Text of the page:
Angiolini Inquiry Report - Statement

Part of the debate – in the House of Lords am 7:31 pm ar 5 Mawrth 2024.

Danfonwch hysbysiad imi am ddadleuon fel hyn

Photo of Baroness Doocey Baroness Doocey Liberal Democrat Lords Spokesperson (Policing) 7:31, 5 Mawrth 2024

My Lords, what happened to Sarah Everard was horrific, and made worse by the fact that this callous murder was committed by a serving police officer. The report says that Wayne Couzens should never have been a police officer and that numerous opportunities to end his career were ignored. It lays out a number of steps to ensure that this appalling tragedy is not repeated.

The Minister has promised decisive action and outlined several welcome measures, yet the vehicle required to take such action is available to him now. The Criminal Justice Bill is due to reach this House in the coming weeks. As it stands, the charity Refuge says it is seriously disappointed with the Bill’s measures on police perpetrators, which it believes will do very little to rid our forces of abusers.

The Government have so far resisted a series of amendments, such as one that would mean all allegations of police-perpetrated domestic abuse would be recorded —either as a police complaint or a conduct matter. This would inform vetting and any potential future investigations. Will the Minister reconsider placing such provisions in the Bill, rather than falling back on regulations and, worse still, voluntary codes of practice, which seldom if ever work?

Does the Minister accept that the time has now come to spell out, in no uncertain terms, that violence against women and girls is not acceptable if you are a police officer? That surely means being clear that domestic abuse is not just a criminal matter but a disciplinary matter within the police services themselves.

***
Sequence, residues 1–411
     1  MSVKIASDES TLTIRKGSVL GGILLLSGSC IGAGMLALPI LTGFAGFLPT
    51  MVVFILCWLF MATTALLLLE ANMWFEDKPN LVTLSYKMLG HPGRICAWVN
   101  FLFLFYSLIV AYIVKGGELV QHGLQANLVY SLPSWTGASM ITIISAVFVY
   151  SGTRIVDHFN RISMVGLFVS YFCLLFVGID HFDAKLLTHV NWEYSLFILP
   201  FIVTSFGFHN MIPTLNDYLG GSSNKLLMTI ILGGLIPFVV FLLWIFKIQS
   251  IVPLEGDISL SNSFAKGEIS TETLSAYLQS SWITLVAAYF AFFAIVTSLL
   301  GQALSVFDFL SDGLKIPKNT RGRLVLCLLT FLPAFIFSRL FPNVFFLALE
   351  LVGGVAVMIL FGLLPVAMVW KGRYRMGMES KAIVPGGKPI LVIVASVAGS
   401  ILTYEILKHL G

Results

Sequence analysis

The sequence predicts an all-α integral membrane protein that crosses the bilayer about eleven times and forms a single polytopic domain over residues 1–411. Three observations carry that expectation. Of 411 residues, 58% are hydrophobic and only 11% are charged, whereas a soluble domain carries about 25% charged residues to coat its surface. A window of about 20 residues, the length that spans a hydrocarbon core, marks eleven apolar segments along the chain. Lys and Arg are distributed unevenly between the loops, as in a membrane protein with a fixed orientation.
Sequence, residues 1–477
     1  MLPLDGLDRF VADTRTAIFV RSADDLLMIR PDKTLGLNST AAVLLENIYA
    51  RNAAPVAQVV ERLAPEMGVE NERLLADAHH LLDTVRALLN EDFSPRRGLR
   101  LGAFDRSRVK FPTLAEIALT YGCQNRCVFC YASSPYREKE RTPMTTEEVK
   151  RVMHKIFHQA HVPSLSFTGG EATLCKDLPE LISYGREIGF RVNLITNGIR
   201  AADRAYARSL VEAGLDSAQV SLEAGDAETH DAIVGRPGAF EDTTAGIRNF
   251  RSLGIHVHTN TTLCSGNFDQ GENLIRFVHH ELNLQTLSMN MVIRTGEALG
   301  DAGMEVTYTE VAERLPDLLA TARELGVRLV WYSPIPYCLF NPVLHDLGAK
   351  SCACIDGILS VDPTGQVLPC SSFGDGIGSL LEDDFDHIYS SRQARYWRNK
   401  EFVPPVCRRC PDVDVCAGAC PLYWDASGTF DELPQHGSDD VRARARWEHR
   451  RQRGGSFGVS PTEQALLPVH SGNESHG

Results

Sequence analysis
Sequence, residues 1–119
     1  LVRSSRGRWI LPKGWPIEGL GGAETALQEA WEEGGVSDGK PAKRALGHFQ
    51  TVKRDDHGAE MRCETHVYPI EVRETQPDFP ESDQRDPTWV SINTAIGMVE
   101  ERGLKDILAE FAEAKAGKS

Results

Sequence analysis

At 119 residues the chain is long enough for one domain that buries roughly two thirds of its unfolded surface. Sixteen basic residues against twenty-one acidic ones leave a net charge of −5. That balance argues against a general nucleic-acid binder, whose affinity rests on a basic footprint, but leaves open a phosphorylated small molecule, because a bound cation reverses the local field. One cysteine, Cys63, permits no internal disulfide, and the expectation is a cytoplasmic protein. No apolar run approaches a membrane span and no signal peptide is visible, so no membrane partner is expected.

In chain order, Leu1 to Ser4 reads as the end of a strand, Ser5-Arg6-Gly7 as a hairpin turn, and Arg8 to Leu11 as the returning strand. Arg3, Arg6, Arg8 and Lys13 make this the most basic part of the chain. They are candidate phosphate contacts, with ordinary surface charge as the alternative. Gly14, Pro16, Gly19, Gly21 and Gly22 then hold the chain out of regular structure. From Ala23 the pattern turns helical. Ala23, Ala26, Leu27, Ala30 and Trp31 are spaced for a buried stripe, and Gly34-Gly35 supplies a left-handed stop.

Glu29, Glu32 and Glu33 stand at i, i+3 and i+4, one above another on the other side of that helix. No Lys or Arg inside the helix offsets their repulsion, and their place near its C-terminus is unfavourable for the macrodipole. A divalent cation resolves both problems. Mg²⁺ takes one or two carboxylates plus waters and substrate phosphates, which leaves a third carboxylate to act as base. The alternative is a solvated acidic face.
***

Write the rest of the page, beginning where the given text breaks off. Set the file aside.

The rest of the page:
I also want to address the issue of consistency. At the moment, there is too much variation around the country, and the issue of warrant card removal illustrates this well. In some forces, officers are required to surrender their warrant cards if they are suspended; in other forces, they are not. Sarah Everard’s murder horribly underlines the power that comes with a warrant card. At the very least, surely suspended officers should be required to surrender warrant cards nationwide. This is something that the Domestic Abuse Commissioner is calling for.

Another matter of consistency is on the issue of suspensions themselves. The Government are now saying that there will be an automatic suspension of police officers charged with certain criminal offences pending trial. Can the Minister confirm that domestic abuse offences will be among those leading to suspension?

The Government are planning to change the rules to make it easier for forces to remove officers without vetting clearance. However, removing those who fail vetting or are guilty of gross misconduct will still not be a legal obligation. These measures will not be mandatory or backed by primary legislation. A Liberal Democrat freedom of information request last October revealed that 129 Metropolitan Police officers were still working on the front line while under investigation for allegations of sexual or domestic abuse, eight months on from the Casey review. This is, frankly, a disgrace.

Meanwhile, a clear issue with culture and leadership remains to be addressed. This is particularly critical in the context of an increasingly young and inexperienced workforce, a third of whom have less than five years’ service. The Police Foundation describes a

“culture of silence and complicity”,

where the default is to keep quiet if you want to get on or fit in. This report rightly says that our police must be held to a higher standard of behaviour and accountability given the powers that they have. Good officers will welcome anything that does this.

Time and again, we have had excellent reports which identify the issues and make recommendations to stop them happening again. Most of the recommendations are accepted, but they are seldom, if ever, implemented. Can the Minister explain what the Government propose to do to ensure a full and speedy implementation of the recommendations in this report? Crucially, can he also say what the consequences will be for those forces that fail to comply?